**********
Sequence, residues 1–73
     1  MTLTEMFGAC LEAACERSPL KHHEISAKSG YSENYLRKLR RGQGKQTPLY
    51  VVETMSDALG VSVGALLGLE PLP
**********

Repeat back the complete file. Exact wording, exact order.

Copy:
Sequence, residues 1–73
     1  MTLTEMFGAC LEAACERSPL KHHEISAKSG YSENYLRKLR RGQGKQTPLY
    51  VVETMSDALG VSVGALLGLE PLP